(Reuters) The chief executive of Italy’s Eni Claudio Descalzi is on course to secure Prime Minister Giorgia Meloni’s backing for an unprecedented fourth term at the top energy group, sources told Reuters.
Another three years in office would make Descalzi, who has held the job since 2014, the longest-serving company head at the state-controlled group since its foundation in 1953.
The nomination process at Italy’s state-controlled firms is getting into full swing, and Meloni made it clear she wants to put her stamp on key jobs when Rome on Thursday appointed economist Riccardo Barbieri as Treasury director general, replacing Alessandro Rivera in the position.
While Rivera failed to win over Meloni to continue, Descalzi will likely be reappointed, two government sources said.
An Eni veteran with strong experience in the exploration and production business, Descalzi last year helped Rome secure alternative gas supplies as Moscow curtailed its flows to Italy.
The path to make the country independent from Moscow will not be completed until late 2024 and key figures in Meloni’s right-wing government want Descalzi to remain in office, as Rome deems his knowledge of Africa a key asset, the sources added.
Eni said it would not comment on decisions that are up to its shareholders.
The top executive is due to travel with Meloni to Algiers on Jan. 22 and 23, when the energy group and its Algerian counterpart Sonatrach are expected to announce new deals.
Closer relations with Algeria are part of Italy’s efforts to gradually replace around 25 billion cubic metres of Russian gas over three years.
NOT GREEN ENOUGH?
Descalzi is due to present Eni’s latest business plan on Feb. 23 and his third term comes to an end in May.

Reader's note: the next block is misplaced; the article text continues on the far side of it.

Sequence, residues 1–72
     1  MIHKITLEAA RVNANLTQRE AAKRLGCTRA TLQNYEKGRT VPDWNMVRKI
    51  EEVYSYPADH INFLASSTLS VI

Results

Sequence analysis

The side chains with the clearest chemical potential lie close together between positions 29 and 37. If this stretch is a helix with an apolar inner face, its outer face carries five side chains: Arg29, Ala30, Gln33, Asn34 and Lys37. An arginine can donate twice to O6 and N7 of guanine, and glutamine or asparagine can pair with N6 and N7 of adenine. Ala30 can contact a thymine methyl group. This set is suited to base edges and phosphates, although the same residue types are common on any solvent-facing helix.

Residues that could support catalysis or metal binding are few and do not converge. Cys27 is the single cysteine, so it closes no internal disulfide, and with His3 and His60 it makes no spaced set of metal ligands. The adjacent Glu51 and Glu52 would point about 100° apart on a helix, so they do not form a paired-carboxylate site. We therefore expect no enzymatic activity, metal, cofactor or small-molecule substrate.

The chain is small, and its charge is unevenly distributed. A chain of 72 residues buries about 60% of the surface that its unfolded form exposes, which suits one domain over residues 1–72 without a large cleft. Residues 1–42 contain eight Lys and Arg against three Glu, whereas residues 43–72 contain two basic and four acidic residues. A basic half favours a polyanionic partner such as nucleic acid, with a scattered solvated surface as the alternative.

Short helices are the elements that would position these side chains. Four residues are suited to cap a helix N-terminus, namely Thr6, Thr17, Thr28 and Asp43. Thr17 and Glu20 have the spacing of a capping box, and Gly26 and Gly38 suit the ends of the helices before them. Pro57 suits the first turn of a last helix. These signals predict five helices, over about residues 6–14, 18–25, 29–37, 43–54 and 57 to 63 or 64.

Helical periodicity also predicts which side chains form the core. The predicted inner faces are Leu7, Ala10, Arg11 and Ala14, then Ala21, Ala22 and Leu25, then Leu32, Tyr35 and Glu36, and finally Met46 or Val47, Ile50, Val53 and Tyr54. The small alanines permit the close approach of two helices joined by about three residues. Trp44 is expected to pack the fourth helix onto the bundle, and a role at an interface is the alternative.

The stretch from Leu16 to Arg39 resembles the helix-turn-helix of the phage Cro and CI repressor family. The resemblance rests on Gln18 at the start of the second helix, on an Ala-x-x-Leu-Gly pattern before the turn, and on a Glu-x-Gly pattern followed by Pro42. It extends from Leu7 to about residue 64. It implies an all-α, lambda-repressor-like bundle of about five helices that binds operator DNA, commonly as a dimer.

In 2020, his reappointment was linked to his commitment to speed up efforts to cut carbon emissions without penalizing the group’s growth and dividend flow.
Three years on, Eni’s decarbonization strategy is still the target of criticism by energy transition advocates, who say the company should spend more to develop its green businesses.
“Renewables and electric mobility – which are considered mature green technologies – are areas in which Eni still invests very little compared with other oil and gas companies,” Luca Bergamaschi, co-founder of energy transition independent think-tank ECCO, told Reuters.
Eni aims to reach an installed capacity in renewable energy of at least 15 gigawatts (GW) compared with 100 GW planned by France’s TotalEnergies by 2030.
On electric cars, Eni’s goal is to set up 35,000 charging points while TotalEnergies plans 150,000 by 2025.
More generally, ECCO questions Eni’s plans for new exploration and production of gas, saying the group should limit its fossil fuel business to exploiting resources already discovered.
Descalzi, who has introduced a target for net-zero carbon emissions from exploration and production operations by 2030, has repeatedly said that Europe cannot cover all its energy needs only with renewable energy sources.
Talks within the ruling parties over the nominations will enter a crunch phase after regional elections in the key regions of Lombardy and Lazio in February, the sources said. They usually go down to the wire and sometimes can change unexpectedly on political vagaries.
The Treasury, which owns 4.4% of Eni and controls another 26.2% via state lender CDP, has the right to appoint six members of Eni’s nine-strong board under a list of candidates to be presented by mid-April.